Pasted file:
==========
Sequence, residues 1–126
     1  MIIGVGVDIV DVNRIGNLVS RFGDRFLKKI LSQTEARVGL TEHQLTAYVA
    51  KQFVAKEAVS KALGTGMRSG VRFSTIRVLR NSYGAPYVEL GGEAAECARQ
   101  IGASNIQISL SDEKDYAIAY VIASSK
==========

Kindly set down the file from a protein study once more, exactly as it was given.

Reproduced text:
Sequence, residues 1–126
     1  MIIGVGVDIV DVNRIGNLVS RFGDRFLKKI LSQTEARVGL TEHQLTAYVA
    51  KQFVAKEAVS KALGTGMRSG VRFSTIRVLR NSYGAPYVEL GGEAAECARQ
   101  IGASNIQISL SDEKDYAIAY VIASSK